By Lisa Smith (Regular Contributor)
My grandfather, Elmer Smith, died in 1948. One of his personal effects recently found its way onto my dad’s bookshelf—it being an old book that no-one had much use for: F.A. Hornibrook’s The Culture of the Abdomen. We’re not even 100% sure that the book did belong to Elmer. There are no personal marks, just a feeling, or distant memory, on the part of my aunt (who had found it while doing a clear-out) that the book was probably her father’s.
I’m inclined to agree.
The first edition of Hornibrook’s popular health guide appeared in 1924, but this was the sixteenth edition, published in 1946. And that, I think, is the clue. Elmer, you see, died of bowel cancer.
Hornibrook’s book was subtitled ‘the cure of obesity and constipation’ and focused on fixing the middle-aged spread in men. It’s great fun to read, with gems such as this:
His digestion is a mockery, gurgling and groaning in hopeless disability, his breath reminiscent of a Limburger cheese, and his general outlook upon life a pessimistic wail (7).
The exercises have much to offer the modern reader, as they are essentially about building core strength, including such staples as cat-arches, pelvis tilts, and belly dancing. Yes, you read that correctly, or, as Hornibrook put it: ‘abdominal muscle training, based upon the body-dance exercises of native races’ (19).
And the creator of the modern Squatty Potty was clearly influenced by Horniman’s advice on using a hygienic stool when at toilet. Throughout the book, Hornibrook compares unfavourably the bodily knowledge and practices of the West with ‘native’ cultures from around the world.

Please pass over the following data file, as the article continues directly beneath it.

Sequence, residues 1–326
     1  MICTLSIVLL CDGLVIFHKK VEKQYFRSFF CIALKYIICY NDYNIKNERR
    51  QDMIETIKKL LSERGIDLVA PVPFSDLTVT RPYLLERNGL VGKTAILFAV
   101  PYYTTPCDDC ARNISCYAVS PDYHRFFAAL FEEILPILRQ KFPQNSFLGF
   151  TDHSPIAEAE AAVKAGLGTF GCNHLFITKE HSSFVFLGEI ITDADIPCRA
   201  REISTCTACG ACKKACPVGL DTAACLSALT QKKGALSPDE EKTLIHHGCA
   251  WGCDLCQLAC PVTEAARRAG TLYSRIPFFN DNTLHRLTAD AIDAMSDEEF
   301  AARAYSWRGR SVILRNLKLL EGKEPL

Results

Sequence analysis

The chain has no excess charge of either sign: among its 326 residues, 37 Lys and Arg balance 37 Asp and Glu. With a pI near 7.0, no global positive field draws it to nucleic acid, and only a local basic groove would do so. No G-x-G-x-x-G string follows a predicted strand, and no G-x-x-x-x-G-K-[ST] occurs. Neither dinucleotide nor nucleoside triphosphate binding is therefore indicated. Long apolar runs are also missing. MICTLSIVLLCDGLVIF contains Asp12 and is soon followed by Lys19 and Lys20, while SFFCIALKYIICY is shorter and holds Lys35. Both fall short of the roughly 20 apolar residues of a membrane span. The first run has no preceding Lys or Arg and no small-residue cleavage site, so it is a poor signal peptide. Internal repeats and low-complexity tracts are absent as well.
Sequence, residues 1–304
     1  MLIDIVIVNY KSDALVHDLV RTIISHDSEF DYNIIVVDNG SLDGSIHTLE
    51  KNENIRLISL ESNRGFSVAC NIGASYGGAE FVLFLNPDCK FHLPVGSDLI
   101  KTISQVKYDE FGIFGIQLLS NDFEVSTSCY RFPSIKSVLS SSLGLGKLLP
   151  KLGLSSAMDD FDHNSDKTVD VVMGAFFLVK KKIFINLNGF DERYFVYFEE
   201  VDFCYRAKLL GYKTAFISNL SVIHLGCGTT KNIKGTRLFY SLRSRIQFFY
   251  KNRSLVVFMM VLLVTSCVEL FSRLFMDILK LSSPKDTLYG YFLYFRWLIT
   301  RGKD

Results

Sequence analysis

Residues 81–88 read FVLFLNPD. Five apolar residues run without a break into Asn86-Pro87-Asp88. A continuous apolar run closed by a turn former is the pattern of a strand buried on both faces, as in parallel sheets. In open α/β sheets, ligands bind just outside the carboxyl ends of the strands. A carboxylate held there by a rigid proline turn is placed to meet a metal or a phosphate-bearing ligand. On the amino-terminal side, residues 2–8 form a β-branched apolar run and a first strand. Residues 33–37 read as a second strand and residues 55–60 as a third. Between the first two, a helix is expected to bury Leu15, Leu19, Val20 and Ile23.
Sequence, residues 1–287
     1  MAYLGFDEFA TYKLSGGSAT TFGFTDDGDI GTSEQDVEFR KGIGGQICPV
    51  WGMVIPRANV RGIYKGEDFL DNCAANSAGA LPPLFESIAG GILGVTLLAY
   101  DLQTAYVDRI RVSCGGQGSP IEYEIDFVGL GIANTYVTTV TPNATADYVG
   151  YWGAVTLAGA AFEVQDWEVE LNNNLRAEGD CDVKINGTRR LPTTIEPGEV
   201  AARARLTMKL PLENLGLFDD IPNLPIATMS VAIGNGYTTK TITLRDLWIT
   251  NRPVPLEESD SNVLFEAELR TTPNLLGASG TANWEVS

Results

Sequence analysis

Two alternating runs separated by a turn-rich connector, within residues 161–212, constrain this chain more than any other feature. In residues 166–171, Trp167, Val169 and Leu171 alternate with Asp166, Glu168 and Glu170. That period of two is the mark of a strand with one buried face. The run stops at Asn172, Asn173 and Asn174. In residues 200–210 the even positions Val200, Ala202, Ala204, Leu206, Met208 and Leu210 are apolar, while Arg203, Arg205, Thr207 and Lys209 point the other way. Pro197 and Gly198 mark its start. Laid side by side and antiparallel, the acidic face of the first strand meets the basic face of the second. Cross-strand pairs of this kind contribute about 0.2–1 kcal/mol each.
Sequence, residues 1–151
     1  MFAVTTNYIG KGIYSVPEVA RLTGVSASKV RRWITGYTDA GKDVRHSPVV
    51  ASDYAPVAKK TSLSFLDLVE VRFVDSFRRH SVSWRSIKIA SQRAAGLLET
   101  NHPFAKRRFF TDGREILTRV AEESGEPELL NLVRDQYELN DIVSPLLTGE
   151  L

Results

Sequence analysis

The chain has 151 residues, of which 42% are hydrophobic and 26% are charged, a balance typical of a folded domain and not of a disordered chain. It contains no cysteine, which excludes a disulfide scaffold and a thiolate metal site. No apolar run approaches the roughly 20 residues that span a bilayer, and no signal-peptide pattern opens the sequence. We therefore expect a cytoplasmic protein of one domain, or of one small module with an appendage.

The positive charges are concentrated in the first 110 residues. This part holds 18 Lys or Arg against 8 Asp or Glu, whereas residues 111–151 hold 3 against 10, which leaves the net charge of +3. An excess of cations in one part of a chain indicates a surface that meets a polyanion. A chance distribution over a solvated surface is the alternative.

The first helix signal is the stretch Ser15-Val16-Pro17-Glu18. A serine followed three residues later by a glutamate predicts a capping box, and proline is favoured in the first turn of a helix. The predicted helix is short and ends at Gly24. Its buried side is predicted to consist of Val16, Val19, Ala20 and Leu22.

The Culture of the Abdomen is not about cancer, but the possibility of cancer runs as a dark theme through the book: the constipation that comes with civilisation and its bad habits was to blame for cancer. In the modern world, Hornibrook complained, people ate too often and excessively, and relied too much on purgatives, which ruined the bowels. Worst of all, emptying bowels was ‘a matter of shame, to be performed in secret, and at as long intervals as mechanical requirements permit’ (6).
Problems started in infancy, with babies being ‘held out’ (elimination toilet-training) at their carers’ convenience rather than when the child felt the urge. This carried through into youth, where school-masters ‘deemed [time] wasted when spent at stool’ (9). But the body, Hornibrook believed, could be retrained through exercises, posture and habits.
Elmer likely special-ordered the book, which came all the way from Toronto, Canada to small-town Alberta, as suggested by a tag on the inner-leaf for ‘Health Books Supply Co.’ It is not hard to imagine that Elmer was already suffering from early symptoms of cancer—constipation or looseness, or even rectal bleeding and stomach aches—when he bought the book. Perhaps he, like Hornibrook, put symptoms like constipation down to middle-age and diet. Perhaps he hoped that ‘for a small expenditure of time and trouble we gain efficiency of body, alertness of mind, and a general feeling of well-being’ (54).
I can only hope that when his disease became clear, Elmer didn’t follow Hornibrook too closely in blaming himself:
For the neglect of our bodies, for over-indulgence, for laziness, we have all to pay the price one way or another, and that price is usually a heavy one. (54)
Elmer died young, only in his 30s, and left behind him five children–three of whom were seven or under. His widow, my grandmother, never remarried; she died only a few years later, when her heart gave out… was it the strain of caring for several children on her own? But there is no one left who would have been old enough at the time who could answer these questions, as the two eldest sons in the family also died in their 30s from bowel cancer. Elmer’s death has cast a long shadow on the family, more for the heredity of the disease—for which family members are still regularly tested—than for any memories of the father, whose children were too young to really know him when he died.
The book may not have any markings to indicate Elmer’s usage of it, but it nonetheless represents our legacy: a culture of the abdomen that still shapes the family today.